Conversations on educational equity continued in the House and Senate with varying approaches discussed, including a constitutional amendment and vouchers.
A host of testifiers shared their perspectives on the “Page Amendment,” calling for a constitutional amendment to create a fundamental right for all children to have access to a high quality public education. During the informational discussion held by the House Education Policy Committee, some were passionately for HF 874 and others opposed to it.
Some shared concerns that it limits the agency of homeschoolers, some asked for more clarity and specificity on language used in the bill, and many testifiers argued that it would help build culturally competent schools and help develop Minnesota as a leader in education. Testifiers from the NAACP argued the new constitutional amendment would actually weaken the state’s legal structure and court precedence for desegregation in Minnesota.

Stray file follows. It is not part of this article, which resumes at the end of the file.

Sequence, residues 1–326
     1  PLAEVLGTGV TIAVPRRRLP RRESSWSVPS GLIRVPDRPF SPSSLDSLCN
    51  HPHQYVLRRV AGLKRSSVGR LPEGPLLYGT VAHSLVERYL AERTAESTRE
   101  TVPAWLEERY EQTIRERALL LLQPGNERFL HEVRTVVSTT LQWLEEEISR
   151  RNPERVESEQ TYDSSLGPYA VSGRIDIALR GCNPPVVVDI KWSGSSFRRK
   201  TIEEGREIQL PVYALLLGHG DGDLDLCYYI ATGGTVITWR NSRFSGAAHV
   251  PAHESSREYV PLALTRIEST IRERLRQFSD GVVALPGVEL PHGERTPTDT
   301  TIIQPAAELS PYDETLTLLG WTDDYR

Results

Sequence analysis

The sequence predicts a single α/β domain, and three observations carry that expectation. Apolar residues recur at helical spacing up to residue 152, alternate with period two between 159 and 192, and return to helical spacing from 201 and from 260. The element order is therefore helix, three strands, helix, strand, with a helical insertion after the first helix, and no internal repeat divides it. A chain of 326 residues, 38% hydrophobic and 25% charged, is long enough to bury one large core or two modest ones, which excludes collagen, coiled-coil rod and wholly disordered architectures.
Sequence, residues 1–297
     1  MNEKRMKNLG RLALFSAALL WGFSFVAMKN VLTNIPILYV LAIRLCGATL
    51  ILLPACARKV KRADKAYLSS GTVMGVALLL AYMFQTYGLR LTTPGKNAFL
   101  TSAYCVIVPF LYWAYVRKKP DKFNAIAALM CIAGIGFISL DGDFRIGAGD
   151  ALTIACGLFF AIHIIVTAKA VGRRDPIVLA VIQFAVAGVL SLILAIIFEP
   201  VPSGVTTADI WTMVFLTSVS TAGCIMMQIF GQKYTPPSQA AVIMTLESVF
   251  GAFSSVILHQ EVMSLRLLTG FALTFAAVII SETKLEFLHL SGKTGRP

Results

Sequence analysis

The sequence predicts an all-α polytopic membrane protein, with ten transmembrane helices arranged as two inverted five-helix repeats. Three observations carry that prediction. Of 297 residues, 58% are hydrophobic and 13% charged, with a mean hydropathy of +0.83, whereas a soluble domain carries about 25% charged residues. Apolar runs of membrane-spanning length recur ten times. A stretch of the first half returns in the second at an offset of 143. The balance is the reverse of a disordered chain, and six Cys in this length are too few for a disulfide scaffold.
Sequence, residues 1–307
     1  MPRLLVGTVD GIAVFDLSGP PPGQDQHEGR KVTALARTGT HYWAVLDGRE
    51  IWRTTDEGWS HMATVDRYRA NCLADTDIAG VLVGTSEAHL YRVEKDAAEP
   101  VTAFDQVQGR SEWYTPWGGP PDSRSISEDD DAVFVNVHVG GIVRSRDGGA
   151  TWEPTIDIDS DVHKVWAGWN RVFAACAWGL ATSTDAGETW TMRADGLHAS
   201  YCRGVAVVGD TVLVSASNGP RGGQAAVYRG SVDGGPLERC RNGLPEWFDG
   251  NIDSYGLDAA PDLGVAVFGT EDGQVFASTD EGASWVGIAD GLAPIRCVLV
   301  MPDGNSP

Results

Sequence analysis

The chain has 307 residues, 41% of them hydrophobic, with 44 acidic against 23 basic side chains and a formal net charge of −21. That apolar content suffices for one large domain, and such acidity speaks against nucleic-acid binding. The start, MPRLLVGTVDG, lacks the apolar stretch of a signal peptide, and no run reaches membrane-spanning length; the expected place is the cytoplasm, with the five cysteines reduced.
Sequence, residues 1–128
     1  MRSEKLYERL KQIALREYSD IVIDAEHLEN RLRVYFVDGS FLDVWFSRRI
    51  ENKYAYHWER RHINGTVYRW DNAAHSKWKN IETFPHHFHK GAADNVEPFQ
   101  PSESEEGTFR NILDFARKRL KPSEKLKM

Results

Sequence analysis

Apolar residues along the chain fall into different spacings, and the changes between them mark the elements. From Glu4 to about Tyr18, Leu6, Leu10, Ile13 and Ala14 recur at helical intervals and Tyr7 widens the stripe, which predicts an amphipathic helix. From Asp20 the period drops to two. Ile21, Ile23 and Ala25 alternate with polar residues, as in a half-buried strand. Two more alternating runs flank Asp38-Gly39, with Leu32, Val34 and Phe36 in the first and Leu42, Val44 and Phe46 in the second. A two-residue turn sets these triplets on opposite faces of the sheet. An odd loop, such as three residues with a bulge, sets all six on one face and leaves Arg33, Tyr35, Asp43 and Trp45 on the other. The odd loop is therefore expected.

In the Senate, where no companion bill exists for the Page Amendment, Education Chair Roger Chamberlain spent committee time pushing legislation creating an “educational savings account.” The bill (SF 1525) would increase flexibility in school choice by creating savings accounts that would follow the student, rather than the stay within the student’s residential district.
Opinions on this bill were divided. Many believe it to be an adequate step towards equity, while others argued the bill diverts funding towards private schools, which have few mechanisms for accountability.
Sen. Chamberlain also has another bill to fund vouchers. View SF 260.
Chamberlain opposes the Page Amendment and he sees school choice as the route to educational equity. He would rather give low-income parents resources to send their children to educational providers of their choice than see the state face litigation over public school programming and services.
Other voucher or private school funding bills have been reviewed in the Senate this session. The Senate Tax committee reviewed a bill (SF 1153, Eichorn) to expand the educational tax credit bill to include private tuition. The bill would automatically increase the value of the tax.